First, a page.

There’s plenty of anti-LGBTQ+ talk (and now legislation) across so-called democratic countries but one promoted (flawed) theme is that if you remove LGBTQ+ literature and support for children / young adults then they are less likely to be self questioning? However I was born in the 60s, before mass media (three UK TV channels) and started school in 1970. Before I left primary school in the mid 70s I had questions but I didn’t know how to ask them and I didn’t know where to get ‘help’?
I made it through secondary school somehow but by now I knew there was something ‘girly’ in me. I couldn’t quantify it. I still didn’t know how to ask the questions that might resolve my inward doubts.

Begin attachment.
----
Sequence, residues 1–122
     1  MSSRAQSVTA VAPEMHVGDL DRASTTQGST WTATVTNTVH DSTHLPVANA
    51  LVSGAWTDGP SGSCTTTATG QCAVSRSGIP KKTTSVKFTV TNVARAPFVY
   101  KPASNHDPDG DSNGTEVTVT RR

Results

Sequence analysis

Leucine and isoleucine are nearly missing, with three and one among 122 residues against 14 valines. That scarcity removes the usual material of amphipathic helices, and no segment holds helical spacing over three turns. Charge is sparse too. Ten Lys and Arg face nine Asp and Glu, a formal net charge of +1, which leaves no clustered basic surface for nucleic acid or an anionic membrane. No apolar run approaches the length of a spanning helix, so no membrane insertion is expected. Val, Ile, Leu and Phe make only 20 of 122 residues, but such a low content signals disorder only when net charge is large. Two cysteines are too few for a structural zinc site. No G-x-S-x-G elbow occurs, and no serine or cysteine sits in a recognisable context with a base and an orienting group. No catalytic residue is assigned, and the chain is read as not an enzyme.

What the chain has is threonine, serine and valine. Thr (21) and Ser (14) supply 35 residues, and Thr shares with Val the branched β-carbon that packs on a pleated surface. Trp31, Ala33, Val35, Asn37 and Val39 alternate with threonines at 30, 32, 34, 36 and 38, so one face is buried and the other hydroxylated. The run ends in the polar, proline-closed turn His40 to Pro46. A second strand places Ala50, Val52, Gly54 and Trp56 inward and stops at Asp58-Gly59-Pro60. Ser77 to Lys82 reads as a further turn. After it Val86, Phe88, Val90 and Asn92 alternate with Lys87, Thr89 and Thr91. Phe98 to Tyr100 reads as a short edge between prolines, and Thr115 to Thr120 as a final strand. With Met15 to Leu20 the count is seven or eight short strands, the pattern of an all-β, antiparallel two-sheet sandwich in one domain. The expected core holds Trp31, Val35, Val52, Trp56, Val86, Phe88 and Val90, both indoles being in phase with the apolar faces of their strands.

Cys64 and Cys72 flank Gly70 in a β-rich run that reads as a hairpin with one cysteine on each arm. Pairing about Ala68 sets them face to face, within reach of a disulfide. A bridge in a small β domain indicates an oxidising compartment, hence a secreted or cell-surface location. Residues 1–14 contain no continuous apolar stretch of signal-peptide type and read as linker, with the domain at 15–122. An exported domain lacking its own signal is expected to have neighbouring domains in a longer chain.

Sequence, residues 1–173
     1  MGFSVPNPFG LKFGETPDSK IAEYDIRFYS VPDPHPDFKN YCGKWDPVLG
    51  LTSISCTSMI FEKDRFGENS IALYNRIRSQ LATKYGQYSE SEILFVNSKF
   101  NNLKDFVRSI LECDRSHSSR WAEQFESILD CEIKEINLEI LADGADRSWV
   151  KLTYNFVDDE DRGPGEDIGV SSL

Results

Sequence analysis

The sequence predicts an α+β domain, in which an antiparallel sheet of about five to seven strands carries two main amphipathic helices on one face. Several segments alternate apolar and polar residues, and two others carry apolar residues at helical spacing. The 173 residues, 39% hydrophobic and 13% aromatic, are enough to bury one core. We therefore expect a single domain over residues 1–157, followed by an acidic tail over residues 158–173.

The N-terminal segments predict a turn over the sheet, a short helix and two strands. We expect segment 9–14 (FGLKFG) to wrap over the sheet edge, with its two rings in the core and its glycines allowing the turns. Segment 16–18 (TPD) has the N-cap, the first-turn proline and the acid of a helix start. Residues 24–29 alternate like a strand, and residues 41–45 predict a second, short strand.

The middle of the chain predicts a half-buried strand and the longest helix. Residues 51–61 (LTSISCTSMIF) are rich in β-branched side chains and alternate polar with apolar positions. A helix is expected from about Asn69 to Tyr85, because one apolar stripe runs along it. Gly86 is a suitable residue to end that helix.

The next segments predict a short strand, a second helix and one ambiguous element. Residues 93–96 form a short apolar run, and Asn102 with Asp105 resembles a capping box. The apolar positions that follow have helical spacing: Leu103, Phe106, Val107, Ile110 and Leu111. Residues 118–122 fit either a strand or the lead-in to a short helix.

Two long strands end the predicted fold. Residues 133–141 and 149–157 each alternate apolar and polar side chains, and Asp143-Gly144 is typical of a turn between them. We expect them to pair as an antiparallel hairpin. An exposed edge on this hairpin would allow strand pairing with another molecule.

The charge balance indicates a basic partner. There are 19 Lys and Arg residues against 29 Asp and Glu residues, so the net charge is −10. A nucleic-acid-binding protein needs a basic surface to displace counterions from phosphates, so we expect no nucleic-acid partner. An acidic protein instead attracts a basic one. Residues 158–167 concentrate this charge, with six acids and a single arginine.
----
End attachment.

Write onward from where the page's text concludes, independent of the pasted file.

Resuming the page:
It was the early 90s when I was connected to the fledgling internet. I dived into Usenet and that led me down the proverbial rabbit hole. I finally knew how to label myself but I had no clue what to do about it – only that I still couldn’t tell anyone. By the time I had resolved my own questioning I was in my late 20s and was working for the UK Government. If ever there was a need to keep my mouth shut, that was it. But, it had taken 20 years for me to find out who I was. That affected my juvenile mental health.
It means that my family don’t understand why, as I approach 60yo, I am expressing myself this way. But I have had 50 years of suppression because I had no way to resolve my own questioning. I had no LGBTQ+ mass media as a kid or young adult.
Picture this: a child sees LGBTQ+ mass media content and is able to self-identify before they leave school, but there’s no resources available and a threat of social services involvement if they speak out. An MH disaster in waiting?